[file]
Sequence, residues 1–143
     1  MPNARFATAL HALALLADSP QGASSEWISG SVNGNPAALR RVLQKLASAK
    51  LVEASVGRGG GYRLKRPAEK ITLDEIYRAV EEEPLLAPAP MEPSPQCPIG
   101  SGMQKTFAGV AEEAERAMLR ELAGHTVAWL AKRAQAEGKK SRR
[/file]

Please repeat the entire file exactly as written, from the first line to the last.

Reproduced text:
Sequence, residues 1–143
     1  MPNARFATAL HALALLADSP QGASSEWISG SVNGNPAALR RVLQKLASAK
    51  LVEASVGRGG GYRLKRPAEK ITLDEIYRAV EEEPLLAPAP MEPSPQCPIG
   101  SGMQKTFAGV AEEAERAMLR ELAGHTVAWL AKRAQAEGKK SRR